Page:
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I’m really pleased to have a piece in the July/August 2018 edition of History Ireland magazine. My article examines at Irish attitudes towards sex and the body, with particular reference to the ‘guilt complex’ experienced by women once married. I look at how magazines like Woman’s Way and Woman’s Choice published sex positive messages in attempt to alleviatingContinue reading “History Ireland magazine”
We’re really excited to be launching an new Taught MA in History at the University of Hertfordshire in September, and I’m particularly excited about the module that I’ll be teaching, People’s Lives from the Nineteenth Century to the Present Day! This ‘history from the streets’ module captures what the MA is all about — connectingContinue reading “My ‘People’s Lives’ module in our NEW Taught MA in History!”
When I declared to a colleague in work recently that I had become obsessed with shoplifting, I probably should have clarified what I meant! I haven’t suddenly taken a shine to pocketing items from local stores. Rather, while doing some research to finish off the section on the changing shopping habits of housewives in 1960sContinue reading “‘I just yielded to temptation’: Open-Counter Shopping and the Growth of Shoplifting in 1960s Ireland”
Generation What? airs on RTÉ tomorrow evening. I was interviewed for this new documentary about millennials (18-34-year-olds) and the factors shaping their lives. The documentary comes out of a European-wide survey in which the same questions were asked of all participating countries, allowing for the results to be compared country-by-country. You can find the results here.
My article on Liam Cosgrave’s legacy appears in today’s issue of the Sunday Business Post newspaper.
This afternoon I was back on radio to discuss Liam Cosgrave’s legacy again. By phone, I joined Michael Kennedy and Chris Glennon who were in studio with Mary Wilson, presenter of RTÉ Radio 1’s Drivetime. Listen back here.
I joined Declan Meehan on East Coast FM’s The Morning Show to discuss Liam Cosgrave’s legacy just after 10 o’clock this morning. You can find previous editions of the show here.
I was on Morning Ireland on RTÉ Radio 1 this morning to discuss Liam Cosgrave’s legacy. Listen back here.
I was recently in Kilkenny to give the keynote at a day-long event to mark the centenary of WT Cosgrave’s by-election victory in 1917. As part of the decade of commemorations, there have been a number of events around the country reflecting on the series of by-elections that occurred in 1917. These were important momentsContinue reading “Kilkenny marks centenary of WT Cosgrave’s by-election victory”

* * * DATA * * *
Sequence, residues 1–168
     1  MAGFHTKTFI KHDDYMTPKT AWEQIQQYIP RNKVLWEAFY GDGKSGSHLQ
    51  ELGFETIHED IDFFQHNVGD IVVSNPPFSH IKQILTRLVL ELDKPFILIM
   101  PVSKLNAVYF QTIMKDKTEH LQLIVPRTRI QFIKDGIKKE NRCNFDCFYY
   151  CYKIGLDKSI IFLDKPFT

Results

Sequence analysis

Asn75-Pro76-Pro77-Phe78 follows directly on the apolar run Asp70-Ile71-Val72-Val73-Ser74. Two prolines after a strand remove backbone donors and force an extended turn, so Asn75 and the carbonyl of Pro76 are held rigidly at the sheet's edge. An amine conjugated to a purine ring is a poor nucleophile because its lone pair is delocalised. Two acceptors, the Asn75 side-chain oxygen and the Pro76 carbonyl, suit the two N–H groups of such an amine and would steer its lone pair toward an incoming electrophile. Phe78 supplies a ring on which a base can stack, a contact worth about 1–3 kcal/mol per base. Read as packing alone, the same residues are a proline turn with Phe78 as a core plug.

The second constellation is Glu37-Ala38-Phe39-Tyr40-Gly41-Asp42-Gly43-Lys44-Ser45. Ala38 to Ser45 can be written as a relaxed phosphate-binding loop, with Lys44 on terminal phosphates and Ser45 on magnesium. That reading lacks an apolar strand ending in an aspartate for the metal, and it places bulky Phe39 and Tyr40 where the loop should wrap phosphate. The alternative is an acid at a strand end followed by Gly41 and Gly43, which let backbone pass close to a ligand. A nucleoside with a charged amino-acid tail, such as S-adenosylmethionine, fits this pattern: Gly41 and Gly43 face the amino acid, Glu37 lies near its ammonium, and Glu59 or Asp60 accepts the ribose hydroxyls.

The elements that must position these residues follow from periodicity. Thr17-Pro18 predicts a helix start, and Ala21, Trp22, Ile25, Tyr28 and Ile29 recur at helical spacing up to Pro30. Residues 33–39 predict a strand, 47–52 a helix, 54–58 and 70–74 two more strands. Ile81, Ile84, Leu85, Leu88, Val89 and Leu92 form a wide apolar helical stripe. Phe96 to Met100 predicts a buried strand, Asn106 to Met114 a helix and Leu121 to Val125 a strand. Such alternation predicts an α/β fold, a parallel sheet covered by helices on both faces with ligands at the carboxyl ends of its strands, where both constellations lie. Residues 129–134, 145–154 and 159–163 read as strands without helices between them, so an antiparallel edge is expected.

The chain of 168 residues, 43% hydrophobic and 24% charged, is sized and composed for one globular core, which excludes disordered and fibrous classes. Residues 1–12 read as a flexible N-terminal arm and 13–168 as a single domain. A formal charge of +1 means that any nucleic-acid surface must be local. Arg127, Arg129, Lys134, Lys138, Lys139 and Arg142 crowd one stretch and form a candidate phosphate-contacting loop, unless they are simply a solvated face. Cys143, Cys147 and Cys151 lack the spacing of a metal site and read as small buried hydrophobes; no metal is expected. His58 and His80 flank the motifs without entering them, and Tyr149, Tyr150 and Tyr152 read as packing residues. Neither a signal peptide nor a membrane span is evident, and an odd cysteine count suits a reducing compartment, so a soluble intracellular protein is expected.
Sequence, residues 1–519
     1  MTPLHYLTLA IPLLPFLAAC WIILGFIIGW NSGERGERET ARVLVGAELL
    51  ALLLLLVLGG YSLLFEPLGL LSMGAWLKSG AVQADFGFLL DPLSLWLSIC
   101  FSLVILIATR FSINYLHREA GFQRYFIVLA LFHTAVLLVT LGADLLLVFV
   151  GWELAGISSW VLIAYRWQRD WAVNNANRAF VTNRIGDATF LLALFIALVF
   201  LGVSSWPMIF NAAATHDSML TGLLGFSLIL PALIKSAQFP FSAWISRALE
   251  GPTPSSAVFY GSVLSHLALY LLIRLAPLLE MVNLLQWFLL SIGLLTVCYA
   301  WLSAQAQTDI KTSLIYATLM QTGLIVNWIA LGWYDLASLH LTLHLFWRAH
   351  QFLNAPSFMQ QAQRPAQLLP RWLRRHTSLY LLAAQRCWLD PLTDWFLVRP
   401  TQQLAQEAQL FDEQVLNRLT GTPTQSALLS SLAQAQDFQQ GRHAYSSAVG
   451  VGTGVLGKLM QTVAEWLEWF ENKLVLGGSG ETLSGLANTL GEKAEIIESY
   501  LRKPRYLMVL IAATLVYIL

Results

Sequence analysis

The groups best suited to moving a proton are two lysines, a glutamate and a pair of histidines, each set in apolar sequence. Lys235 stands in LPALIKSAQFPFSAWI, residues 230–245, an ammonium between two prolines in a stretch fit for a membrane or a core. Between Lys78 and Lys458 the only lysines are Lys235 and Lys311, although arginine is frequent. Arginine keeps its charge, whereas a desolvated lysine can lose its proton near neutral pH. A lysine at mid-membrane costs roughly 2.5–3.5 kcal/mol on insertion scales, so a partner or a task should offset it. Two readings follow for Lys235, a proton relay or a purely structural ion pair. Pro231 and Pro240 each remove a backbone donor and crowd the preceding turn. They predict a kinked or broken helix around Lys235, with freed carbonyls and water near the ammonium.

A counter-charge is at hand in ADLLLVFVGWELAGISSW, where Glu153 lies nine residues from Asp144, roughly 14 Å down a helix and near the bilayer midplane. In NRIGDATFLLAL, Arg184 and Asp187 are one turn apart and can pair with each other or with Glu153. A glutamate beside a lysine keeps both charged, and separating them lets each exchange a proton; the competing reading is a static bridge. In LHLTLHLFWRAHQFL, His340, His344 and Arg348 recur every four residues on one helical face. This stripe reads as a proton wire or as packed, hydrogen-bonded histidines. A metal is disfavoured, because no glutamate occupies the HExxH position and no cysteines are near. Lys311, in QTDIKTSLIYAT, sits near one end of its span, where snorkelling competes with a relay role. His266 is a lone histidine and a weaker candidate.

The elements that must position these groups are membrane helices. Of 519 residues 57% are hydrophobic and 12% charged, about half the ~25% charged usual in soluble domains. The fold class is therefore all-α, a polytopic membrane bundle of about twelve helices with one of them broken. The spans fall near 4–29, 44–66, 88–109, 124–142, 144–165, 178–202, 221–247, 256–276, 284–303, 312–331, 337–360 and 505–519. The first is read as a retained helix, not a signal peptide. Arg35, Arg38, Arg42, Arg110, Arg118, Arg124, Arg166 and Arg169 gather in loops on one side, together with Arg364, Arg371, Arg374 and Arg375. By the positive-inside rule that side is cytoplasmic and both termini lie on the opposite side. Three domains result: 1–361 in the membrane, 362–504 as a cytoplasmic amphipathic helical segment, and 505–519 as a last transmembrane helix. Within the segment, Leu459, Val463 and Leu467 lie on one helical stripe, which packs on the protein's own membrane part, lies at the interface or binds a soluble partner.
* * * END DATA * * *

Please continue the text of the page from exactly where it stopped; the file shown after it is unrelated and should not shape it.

A couple of weeks ago, I spoke at the Women on Ireland Network annual conference. This year’s theme was Women and Irishness, and it was easily the most useful conference I’ve been to in years. In addition to hearing some great papers, I met some really wonderful and inspiring women. The event drew to aContinue reading “Advice for when you are the ‘token woman’”
Writing in The Irish Times, Fiach Kelly suggested that ‘for Simon Coveney, it is the soul of Fine Gael. For the supporters of Leo Vardakar, it is just a slogan’. Kelly was referring to Declan Costello’s Just Society, which has been somewhat frequently mentioned in the current Fine Gael leadership contest. I’ve been intrigued to hearContinue reading “The Just Society: a symbol of internal division”
I was delighted to receive an invitation to speak at an upcoming partnership event between the Irish Society for Archives and ESB to mark the 90th anniversary of the latter. My talk will explore the impact that electricity had on women’s domestic lives, a theme I’m currently working on in two ways. My current project examinesContinue reading “Public Event: 90th Anniversary of ESB”
Who is Monica McEnroy? I’ve taken annual leave from work this week so that I can focus on my book manuscript. To explain briefly, the book is about representations and expectations of Irish women in the 1960s as seen through the lens of women’s magazines. I’m currently tackling the chapter on 1960s motherhood, which has causedContinue reading “Monica McEnroy & the Women’s Movement in 1960s Ireland”